White Sands National Monument Created (1933)

My atlas shows a long narrow rectangle in purple, extending from the southern border of central New Mexico to the north for about 150 miles.  The purple rectangle is the White Sands Missile Range, and buried inside it is the White Sands National Monument, a place of natural beauty like none other in the world.

The white “sands” are gypsum crystals (photo by Larry Nielsen)

White Sands National Monument was established by President Herbert Hoover on January 18, 1933.  Hoover did so to protect “the white sands and additional features of scenic, scientific, and educational interest.”  He got that right.  The 142,987-acre national monument features a portion of the world’s largest gypsum crystal “sand dune.”  The white sand dune (not sand, but gypsum crystals—the stuff that dry-wall is made of) is 275 square miles in extent; the next largest is 3 square miles!  About half of the dune itself is in the national monument, the rest is in the missile range.

The region has seen waves of habitation for at least 10,000 years.  Nomadic peoples hunted the area when it was covered in grasslands.  When the post-ice-age climate changed, the land dried up, as did human use.  About 1800 years ago, Native American farmers came to the area, only to disappear as had previous inhabitants.  Starting about 700 years ago, Native American Apache groups colonized the arid, unforgiving environment; their descendants remain.

But it is hard to scrape a living from the dry, wind-blown landscape.  Repeated attempts to farm, ranch or mine by Spanish colonists and American pioneers have failed to stake a permanent claim at white sands.  The U.S. government has found a use, however—as a distant, isolated, barely inhabited place to develop and test long-range weapons.  The northern end of the White Sands Missile Range holds the “Trinity Site,” where the first atomic bomb was detonated in tests on July 16, 1945.  The Army tests rockets there to this day, with many successful spacecraft having flown first above these white dunes.

Thanks to President Hoover, a significant portion of the white gypsum dunes are protected as a unique ecosystem and a recreational haven.  More than 800 animal species reside there, most of them nocturnal.  Sometimes called the “Desert Galapagos,” White Sands is home to a variety of white reptiles and insects that have adapted—and are adapting—to the hot, bright days and cold nights of the region.  One unique species is the White Sands pupfish, that survives in four isolated populations in spring fed ponds and streams.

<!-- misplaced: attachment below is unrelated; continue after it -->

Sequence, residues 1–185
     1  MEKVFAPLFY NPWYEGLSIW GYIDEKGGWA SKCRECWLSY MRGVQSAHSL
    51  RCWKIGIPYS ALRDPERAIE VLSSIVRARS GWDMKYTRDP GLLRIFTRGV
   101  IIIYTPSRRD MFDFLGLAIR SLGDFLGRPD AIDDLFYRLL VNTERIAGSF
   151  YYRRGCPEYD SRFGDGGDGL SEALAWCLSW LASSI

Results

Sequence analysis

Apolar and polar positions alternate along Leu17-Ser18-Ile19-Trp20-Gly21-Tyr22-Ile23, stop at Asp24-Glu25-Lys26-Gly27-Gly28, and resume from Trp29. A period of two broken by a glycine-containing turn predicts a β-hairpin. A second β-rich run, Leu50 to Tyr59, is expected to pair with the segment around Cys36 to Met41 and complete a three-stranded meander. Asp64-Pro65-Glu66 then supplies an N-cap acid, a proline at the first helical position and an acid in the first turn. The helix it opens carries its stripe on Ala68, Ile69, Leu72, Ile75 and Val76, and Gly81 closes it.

Most recreation at White Sands is for day use only, as the environment is unrelentingly harsh.  Facilities in the park were built by the Civilian Conservation Corps in the 1930s, graceful stone picnic shelters that remind us of the great legacy of conservation that grew from the Great Depression.  A favorite outdoor activity is sand-dune sledding, with inexpensive saucer sleds for sale in the park gift shop—it is great fun (I’ve done it!).  From an initial annual visitation of 12,000 in 1933, now more than half a million visitors enjoy the park every year.

A sled run down a white sand dune is exhilarating–and allowed!

References:

Block, Melissa, and Elissa Nadworny.  2017.  Photos: The cream, Sculpted dunes Of White Sands National Monument.  NPR special series:  Our Land.  April 9, 2017.  Available at:  https://www.npr.org/2017/04/09/520874659/photos-the-creamy-sculpted-dunes-of-white-sands-national-monument.  Accessed January 17, 2018.

Conrod, William and Erica Bree Rosenblum.  2008.  A Desert Galapagos.  Natural History Magazine, May 2008, pages 16-18.  Available at:  https://www.nps.gov/whsa/learn/nature/upload/Desert_Galapagos_-287KB_PDF.pdf.  Accessed January 17, 2018.

National Park Service.  White Sands National Monument.  Available at: https://www.nps.gov/whsa/index.htm.  Accessed January 17, 2018

This Month in Conservation

January 1
NEPA Enacted (1970)
January 2
Bob Marshall Born (1901)
January 3
Canaveral National Seashore Created (1975)
January 4
The Real James Bond Born (1900)
January 5
National Bird Day
January 6
Wild Kingdom First Airs (1963)
January 7
Gerald Durrell Born (1925)
January 8
Alfred Russel Wallace Born (1823)
January 9
Muir Woods National Monument Created (1908)
January 10
National Houseplant Appreciation Day
January 11
Aldo Leopold Born (1887)
January 12
National Trust of England Established (1895)
January 13
MaVynee Betsch, the Beach Lady, Born (1935)
January 14
Martin Holdgate Born (1931)
January 15
British Museum Opened (1795)
January 16
Dian Fossey Born (1932)
January 17
Benjamin Franklin, America’s First Environmentalist, Born (1706)
January 18
White Sands National Monument Created (1933)
January 19
Acadia National Park Established (1929)
January 20
Penguin Appreciation Day
January 21
The Wilderness Society Founded (1935)
January 22
Iraq Sabotages Kuwaiti Oil Fields (1991)
January 23
Sweden Bans CFCs in Aerosols (1978)
January 24
Baden-Powell Publishes “Scouting for Boys” (1908)
January 25
Badlands National Park Established (1939)
January 26
Benjamin Franklin Disses the Bald Eagle (1784)
January 27
National Geographic Society Incorporated (1888)
January 28
Bermuda Petrel, Thought Extinct for 300 Years, Re-discovered (1951)
January 29
Edward Abbey, author of “Desert Solitaire,” Born (1927)
January 30
England Claims Antarctica (1820)
January 31
Stewart Udall, Secretary of Interior, Born (1920)
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